There was music floating up from the house next door, through his window and into his room. Invading his space. They were always invading his space. George couldn’t sleep. He stared at the ceiling, shadowed in darkness. The music was gentle, at least. Soft strings of a harp. Violin. Light fingering on piano keys.
It would’ve soothed him, but he couldn’t help but wonder what they were doing down there and why they were playing the music.
The people at the purple house always fascinated him; they fascinated him more and more as he aged. He set his hands on either side of his body, pushed himself up, wrinkled arms quivering. It was a long process: sliding his bare feet to the floor, moving a veined and shaky hand to push the curtain aside. All he saw were bulbs of light and figures drifting around until he set his glasses on his nose. He’d found Marian’s pair in her dresser; the prescription was too weak, but he’d rather see through a haze than not see at all.
The purple-house-people were having some sort of get-together. There were party lights strung across the deep green of the lawn, dangling above bobbing heads, winking and twinkling in the black night. Plastic chairs were set out in a circle, a short table held up an abundance of gifts with a balloon overhead announcing 20 in golden script.
He saw the girl moving around, a glass in her hand, smiling and talking in a breezy summer dress. She was barefoot. No braces glinted in the light, but her hair still hung long and straight around her shoulders. She was a lovely creature and judging from the way the curly-haired young man at her side followed her about, he thought so, too. George would not have recognized him if he hadn’t seen the young man coming to visit her more and more frequently. He had filled out, tall and square, his curls not so wild, his smile big enough to light up a house.
George watched them move about and talk to the guests; he saw the girl finally sit to open her presents. He heard her laughter, saw her face expressions, saw the cards and money and clothes she waved around. She stood as if she were done. But no, the curly-haired young man was shaking his head.
The girl hesitated.
The guests paused, some sat back down.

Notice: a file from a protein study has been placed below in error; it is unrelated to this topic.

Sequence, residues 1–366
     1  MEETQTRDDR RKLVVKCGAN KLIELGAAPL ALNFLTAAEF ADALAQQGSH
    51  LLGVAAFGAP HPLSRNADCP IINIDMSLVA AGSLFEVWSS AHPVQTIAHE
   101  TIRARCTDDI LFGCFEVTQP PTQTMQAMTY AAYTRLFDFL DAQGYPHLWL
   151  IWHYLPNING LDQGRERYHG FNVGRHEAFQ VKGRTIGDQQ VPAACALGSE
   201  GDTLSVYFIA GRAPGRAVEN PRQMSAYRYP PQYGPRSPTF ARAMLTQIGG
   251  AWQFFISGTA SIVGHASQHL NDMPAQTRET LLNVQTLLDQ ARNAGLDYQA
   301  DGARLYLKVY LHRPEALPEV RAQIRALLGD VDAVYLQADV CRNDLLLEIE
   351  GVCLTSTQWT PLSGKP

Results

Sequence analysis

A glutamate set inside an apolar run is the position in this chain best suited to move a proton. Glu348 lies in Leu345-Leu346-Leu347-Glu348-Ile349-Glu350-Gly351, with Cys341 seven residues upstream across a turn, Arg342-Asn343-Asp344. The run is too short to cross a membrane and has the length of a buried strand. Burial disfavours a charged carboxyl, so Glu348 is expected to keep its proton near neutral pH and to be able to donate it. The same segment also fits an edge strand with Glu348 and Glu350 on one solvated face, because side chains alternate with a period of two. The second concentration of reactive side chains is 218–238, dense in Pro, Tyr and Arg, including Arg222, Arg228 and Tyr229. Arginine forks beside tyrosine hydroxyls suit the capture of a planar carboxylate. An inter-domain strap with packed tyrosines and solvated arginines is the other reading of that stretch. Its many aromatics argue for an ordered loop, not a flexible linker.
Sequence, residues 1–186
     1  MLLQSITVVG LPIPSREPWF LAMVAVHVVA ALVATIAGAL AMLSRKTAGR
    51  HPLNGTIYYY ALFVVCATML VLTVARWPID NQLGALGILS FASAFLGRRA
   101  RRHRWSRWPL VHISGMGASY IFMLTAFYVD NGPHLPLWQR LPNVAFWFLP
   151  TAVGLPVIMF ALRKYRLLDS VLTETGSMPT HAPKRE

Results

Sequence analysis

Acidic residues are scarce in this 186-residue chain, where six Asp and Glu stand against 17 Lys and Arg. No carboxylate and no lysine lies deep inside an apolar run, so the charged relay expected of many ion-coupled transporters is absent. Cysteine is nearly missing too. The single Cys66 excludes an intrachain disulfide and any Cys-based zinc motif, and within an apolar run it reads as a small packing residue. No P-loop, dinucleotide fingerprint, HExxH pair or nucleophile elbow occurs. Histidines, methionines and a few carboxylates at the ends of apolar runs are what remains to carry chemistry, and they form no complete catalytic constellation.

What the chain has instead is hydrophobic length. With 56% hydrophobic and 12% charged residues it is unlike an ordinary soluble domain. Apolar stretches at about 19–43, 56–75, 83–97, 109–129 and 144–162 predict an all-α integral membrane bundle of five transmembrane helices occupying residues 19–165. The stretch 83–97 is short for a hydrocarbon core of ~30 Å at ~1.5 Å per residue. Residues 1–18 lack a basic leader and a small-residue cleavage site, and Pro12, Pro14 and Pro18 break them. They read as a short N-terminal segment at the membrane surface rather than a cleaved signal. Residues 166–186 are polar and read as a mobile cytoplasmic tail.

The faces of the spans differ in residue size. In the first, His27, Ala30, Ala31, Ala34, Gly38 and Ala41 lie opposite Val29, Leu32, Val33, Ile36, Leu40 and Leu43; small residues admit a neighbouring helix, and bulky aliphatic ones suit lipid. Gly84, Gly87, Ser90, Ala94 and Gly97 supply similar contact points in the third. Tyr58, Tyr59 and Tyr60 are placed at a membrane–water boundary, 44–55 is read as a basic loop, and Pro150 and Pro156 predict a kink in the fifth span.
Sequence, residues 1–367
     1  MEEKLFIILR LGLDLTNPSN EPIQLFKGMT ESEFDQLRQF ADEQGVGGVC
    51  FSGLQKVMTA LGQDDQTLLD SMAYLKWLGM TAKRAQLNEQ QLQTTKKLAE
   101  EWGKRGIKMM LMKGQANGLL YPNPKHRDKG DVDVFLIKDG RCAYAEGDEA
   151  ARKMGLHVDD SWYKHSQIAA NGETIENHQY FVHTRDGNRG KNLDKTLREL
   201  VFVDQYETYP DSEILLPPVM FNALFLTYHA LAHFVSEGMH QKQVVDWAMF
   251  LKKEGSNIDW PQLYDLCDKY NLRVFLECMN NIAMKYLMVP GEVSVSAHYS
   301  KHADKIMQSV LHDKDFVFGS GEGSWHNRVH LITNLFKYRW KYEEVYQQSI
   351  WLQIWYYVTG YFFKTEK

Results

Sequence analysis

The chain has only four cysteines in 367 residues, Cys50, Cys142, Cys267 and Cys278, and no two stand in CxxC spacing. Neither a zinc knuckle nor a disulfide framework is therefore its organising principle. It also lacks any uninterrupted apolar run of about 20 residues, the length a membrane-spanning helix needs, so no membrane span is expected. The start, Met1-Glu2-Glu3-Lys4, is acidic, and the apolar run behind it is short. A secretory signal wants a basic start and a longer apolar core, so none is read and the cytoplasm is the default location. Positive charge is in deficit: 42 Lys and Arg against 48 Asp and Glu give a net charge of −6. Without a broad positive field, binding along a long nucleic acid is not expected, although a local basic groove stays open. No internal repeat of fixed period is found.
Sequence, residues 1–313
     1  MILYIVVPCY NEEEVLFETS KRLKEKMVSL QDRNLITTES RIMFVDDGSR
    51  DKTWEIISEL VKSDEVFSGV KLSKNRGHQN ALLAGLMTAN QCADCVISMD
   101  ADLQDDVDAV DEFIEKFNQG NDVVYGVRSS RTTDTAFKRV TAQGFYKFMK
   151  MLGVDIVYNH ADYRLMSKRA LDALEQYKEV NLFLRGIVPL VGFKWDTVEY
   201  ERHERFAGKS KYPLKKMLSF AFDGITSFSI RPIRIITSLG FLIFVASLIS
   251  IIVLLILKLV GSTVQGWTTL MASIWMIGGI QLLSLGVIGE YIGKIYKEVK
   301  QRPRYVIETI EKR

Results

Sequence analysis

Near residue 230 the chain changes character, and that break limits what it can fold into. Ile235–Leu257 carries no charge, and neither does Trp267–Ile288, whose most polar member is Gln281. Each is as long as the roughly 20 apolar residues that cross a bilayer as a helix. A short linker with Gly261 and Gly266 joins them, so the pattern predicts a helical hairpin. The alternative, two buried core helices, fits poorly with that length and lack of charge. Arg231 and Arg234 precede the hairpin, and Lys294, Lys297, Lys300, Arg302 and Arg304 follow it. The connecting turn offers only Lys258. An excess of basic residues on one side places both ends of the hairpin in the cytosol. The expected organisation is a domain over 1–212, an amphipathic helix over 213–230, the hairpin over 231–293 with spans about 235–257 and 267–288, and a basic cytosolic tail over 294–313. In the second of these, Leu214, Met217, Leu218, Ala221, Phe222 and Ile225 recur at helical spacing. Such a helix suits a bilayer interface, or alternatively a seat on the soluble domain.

The young man was saying something now, giving a speech it seemed. The girl stood very still, watching. George knew it was going to happen; he felt no surprise when he watched the young man kneel on a knee, holding something in an outstretched hand. That was not what touched him, nor was it the sight of the girl covering her mouth, nodding her head up and down, and then hugging him. It was the sight of everyone hugging and crying and shouting and exclaiming. There was so much happiness, overwhelming happiness.
George could almost feel it.
He couldn’t move. He watched the scene, entranced. Something inside of him gave a little. Deep, deep down inside, he felt that slightest bit of longing rise up again. And he wondered if life was truly as bad he had made it out to be.
He wanted to go outside.
He realized that now, as he sat there, watching the purple-house people. In a trance. What was he doing anyway, suffocating inside his own home, killing himself with each passing day, draining the little bit of life he had left inside. He didn’t know why his vision suddenly blurred and why tears had suddenly decided to form at the corners of his eyes, drop softly to the ground.
He wanted to go outside.
He wanted to go outside.
The vision of the girl and boy playing outside sprang unheeded to his memory. Hey, mister, why don’t you ever come outside? It was like he could hardly take his eyes off the scene below him. He watched the girl and boy below him living; he watched their parents and their guests living.
“I want to live,” he said.
It was a scream that jerked him awake; made him jolt upright in his seat and hit his forehead on the window sill.
The pain was quick and sharp, subsiding into an uncomfortable gnawing below the skin. His eyesight blurred, then cleared; Marian’s glasses still sat on his nose. He had left the window wide open, he must have fallen asleep while sitting here. That would explain the ache in his back and shoulders.
The air was warm outside, but a whisper of a wind blew.
Straight ahead of him, the lights on the second floor of the purple house were on. The blinds were opened to the Master bedroom where the girl’s parents stood. George squinted. They weren’t politely speaking; their body posture was stiff, they were waving their hands around. The girl’s mother was packing a bag. George noticed she had cut her hair; it was bobbed straight around her chin. She wore slacks and a white dress shirt and dumped a pile of clothes into her suitcase.
George could hear the echo of their voices. Loud, angry, hostile. Now that he thought about it, he didn’t remember seeing the mother at the party. The girl’s father had his arms out. He looked as if he were pleading with her, his hands outstretched. At one point he went to her, touched her shoulder. She slapped his hand. Their voices kept rising until finally she turned and marched away, suitcase in hand.
The front door slammed shut a minute later and then she was getting in her fancy car and driving away. Inside the house, the man stood staring at the closed door. He didn’t move for a while. He was so still. And then his knees buckled and he was sinking to the floor, his head in his hands.
George saw his shaking shoulders. He had a terrible flashback to many years ago. Marian walking out of the house. The anger in her voice. She was dead, he told the mailman. She was dead, he told the landowner. She was dead, he told his reflection in the mirror.
He had shut himself in the house and never come out again. He stared at the man on his knees and felt no tears rise, no empathy resurrect inside him. All he felt was dullness, deadness, stillness inside. He reached for the curtain and shut it.